July T21

On the field
July seems to have been designated as white ball month, with enjoyable ODI & T20 series between England and both Sri Lanka & Pakistan. Complete domination against Sri Lanka was spoiled by Bristolian rain (*shakes fist*), but it was the ODI series against Pakistan that was the most satisfying; England had to pretty much field a 2nd/3rd XI after the squad from the Sri Lanka series had to isolate, however they gelled instantly under Ben Stokes’ captaincy and produced an immaculate set of performances. The T20 series (back to regular players) wasn’t all plain sailing, but still ended up as an England series win.

I got properly into the Vitality Blast, mostly watching the Somerset livestreams (they are the best on offer, I’m not just being biased) but also catching a few on Sky – including the Roses clash, which featured some excellent sportsmanship from Joe Root & Yorkshire (don’t pay any attention to the Surrey mindset of Mark Butcher on comms). I did catch some of England women’s T20 series with India, though not as much as I would have liked due to it clashing with other plans & other games. What July meant for everyone in the UK, however, was the much delayed start of The Hundred. I decided to get in early and see the very first game – partly to see more women’s cricket, but also to be able to say I was part of cricket history – and was hooked from that moment on. I’ve not seen every game, but I have caught as many as possible and kept on top of the results & individual performances. All the better for forming a well-judged opinion.

On the page
Simon Jones – The Test: My Life, and the Inside Story of the Greatest Ashes Series ⭐️ ⭐️ ⭐️ ⭐️ ⭐️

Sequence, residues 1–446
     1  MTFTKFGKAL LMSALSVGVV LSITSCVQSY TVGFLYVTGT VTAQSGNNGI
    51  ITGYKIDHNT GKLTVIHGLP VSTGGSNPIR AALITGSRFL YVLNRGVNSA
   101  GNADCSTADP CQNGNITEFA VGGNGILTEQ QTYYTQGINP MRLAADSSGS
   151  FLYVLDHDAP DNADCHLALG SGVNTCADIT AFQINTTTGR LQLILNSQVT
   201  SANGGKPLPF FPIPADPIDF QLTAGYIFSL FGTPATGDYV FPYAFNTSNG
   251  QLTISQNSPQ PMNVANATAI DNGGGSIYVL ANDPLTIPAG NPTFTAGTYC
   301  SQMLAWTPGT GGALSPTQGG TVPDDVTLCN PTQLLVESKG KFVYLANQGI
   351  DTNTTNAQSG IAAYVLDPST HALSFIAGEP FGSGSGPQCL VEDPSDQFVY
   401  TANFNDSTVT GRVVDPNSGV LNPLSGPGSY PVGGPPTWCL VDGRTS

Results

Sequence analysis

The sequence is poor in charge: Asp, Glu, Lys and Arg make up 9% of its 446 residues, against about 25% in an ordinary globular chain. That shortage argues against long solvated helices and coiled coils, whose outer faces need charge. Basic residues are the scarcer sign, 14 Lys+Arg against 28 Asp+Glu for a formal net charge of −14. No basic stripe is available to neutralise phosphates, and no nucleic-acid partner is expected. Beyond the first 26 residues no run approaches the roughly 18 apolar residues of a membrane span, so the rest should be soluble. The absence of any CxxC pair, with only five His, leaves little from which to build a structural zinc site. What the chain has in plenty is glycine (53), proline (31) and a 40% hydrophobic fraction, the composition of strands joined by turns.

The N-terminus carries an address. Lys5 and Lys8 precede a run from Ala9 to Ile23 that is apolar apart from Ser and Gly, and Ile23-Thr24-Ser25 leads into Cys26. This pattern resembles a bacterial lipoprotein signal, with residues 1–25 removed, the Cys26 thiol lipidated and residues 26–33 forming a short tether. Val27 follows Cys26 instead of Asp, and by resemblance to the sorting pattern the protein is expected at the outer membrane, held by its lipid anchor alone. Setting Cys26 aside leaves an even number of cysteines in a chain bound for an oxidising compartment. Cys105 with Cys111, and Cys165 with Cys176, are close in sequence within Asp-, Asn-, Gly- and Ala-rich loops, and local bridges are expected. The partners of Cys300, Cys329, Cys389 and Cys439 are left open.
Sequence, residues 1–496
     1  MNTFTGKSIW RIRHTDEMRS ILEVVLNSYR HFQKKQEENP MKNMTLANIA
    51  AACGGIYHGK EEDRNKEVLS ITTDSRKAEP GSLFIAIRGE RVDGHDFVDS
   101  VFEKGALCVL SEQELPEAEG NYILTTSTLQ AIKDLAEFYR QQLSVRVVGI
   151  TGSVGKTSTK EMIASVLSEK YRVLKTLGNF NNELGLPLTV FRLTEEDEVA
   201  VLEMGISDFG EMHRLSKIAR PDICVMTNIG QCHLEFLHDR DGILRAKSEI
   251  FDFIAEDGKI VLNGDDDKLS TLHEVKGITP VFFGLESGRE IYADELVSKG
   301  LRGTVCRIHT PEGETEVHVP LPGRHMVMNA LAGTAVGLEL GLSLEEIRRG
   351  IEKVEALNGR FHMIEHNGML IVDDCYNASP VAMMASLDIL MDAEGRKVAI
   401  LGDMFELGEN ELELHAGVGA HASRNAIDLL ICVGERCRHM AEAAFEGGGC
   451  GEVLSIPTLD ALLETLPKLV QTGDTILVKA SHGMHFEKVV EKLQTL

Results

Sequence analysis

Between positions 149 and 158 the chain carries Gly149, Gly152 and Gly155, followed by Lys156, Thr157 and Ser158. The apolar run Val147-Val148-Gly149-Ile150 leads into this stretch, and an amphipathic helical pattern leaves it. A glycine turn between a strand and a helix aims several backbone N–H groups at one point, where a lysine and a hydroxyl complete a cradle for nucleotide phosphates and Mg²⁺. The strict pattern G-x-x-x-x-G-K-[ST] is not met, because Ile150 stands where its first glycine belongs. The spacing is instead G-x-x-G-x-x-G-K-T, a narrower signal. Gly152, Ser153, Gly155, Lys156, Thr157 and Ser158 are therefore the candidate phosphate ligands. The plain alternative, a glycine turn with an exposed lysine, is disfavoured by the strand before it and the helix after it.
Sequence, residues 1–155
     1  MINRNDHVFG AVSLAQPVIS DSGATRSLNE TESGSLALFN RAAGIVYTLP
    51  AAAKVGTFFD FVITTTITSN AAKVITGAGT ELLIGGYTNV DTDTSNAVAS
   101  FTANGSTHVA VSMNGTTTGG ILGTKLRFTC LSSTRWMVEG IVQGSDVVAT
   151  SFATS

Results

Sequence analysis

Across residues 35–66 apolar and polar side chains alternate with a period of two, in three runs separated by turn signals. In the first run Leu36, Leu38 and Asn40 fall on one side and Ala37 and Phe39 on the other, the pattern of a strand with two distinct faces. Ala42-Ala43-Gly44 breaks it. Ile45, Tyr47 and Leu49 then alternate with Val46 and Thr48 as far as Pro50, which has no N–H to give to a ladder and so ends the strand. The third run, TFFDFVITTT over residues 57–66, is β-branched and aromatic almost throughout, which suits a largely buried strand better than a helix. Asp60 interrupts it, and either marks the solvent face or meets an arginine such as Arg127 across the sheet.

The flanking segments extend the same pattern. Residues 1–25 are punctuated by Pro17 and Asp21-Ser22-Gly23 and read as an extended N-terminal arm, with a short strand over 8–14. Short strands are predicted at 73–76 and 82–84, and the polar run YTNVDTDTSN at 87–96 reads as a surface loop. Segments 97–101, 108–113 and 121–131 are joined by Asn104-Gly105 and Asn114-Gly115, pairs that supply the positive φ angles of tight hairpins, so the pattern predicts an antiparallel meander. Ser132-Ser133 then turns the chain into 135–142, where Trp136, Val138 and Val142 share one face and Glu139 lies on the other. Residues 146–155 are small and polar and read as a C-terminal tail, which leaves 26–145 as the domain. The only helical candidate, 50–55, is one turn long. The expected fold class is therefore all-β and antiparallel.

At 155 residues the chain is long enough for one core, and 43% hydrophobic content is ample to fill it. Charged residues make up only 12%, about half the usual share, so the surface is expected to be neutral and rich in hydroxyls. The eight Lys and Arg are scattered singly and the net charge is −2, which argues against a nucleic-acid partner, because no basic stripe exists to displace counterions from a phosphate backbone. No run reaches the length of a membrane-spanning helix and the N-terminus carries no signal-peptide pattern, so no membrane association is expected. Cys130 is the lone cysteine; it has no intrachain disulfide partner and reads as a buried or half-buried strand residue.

First off, this book brought back so many memories. The 2005 Ashes series was a seminal moment for me: my cricket watching had slowly been building up, I was a Somerset regular, and then Australia came to play. I watched pretty much every minute of that series, living the agony & ecstasy with the players. Jones’ book vividly recreates key moments, bringing in added details from behind the scenes – for example, I had no idea how much he had been struggling with injury throughout the series, and just how much pain he soaked up to keep playing. In and around his memories of that five-match series, Jones completes his cricketing story – one that didn’t end in the glory it should have, but you get the feeling that he wouldn’t have done much differently.

On the box
Howzat! Kerry Packer’s War (Amazon Prime) ⭐️ ⭐️ ⭐️
Two 90-minute dramas charting the birth of Kerry Packer’s World Series Cricket back in the 1970s. Cricket’s governing bodies are often accused of being conservative and not seeing an opportunity when it presents itself – but, judging by the storyline of this miniseries, it has actually come a long way. My main issue with the show is that I found it difficult knowing who was who; it does introduce the players involved, but with them and those involved behind the scenes, I was fumbling around in the dark for much of it. It may be easier for people who already know about World Series Cricket in great detail, but programmes like this should be targeting wider audiences than that.

Sundries
Not lots of Tailenders on offer this month, though I did boost it by re-listening to the World Cup live episode on the second anniversary (I think that will be a long-held tradition) – however the big news was that the team had created their own gin! You bet I ordered a bottle of Spiced Mango ‘Go Well’ Gin, which arrived in time for me to drown my self-isolation sorrows; it basically tastes like a gin version of mango chutney, which sounds weird but is actually really good.

I was gutted that my isolation meant I had to skip (no pun intended) my trip to Lord’s for London Spirit against Trent Rockets, and had government restrictions not been extended I would have been back at the County Ground to see Somerset take on the scum Gloucestershire in their Blast clash – though I did at least get to watch it in 2D. I did finally get to watch Somerset in person for the first time in seven years by going to the Oval for their Championship clash with Surrey, spending an enjoyable Sunday watching James Hildreth scoring a hundred and then sneaking over for the final afternoon after a morning at the office; thanks to a mad couple of sessions of spin it almost led to a victory, but eventually it petered out into a draw.

Featured image credit: PA Wire

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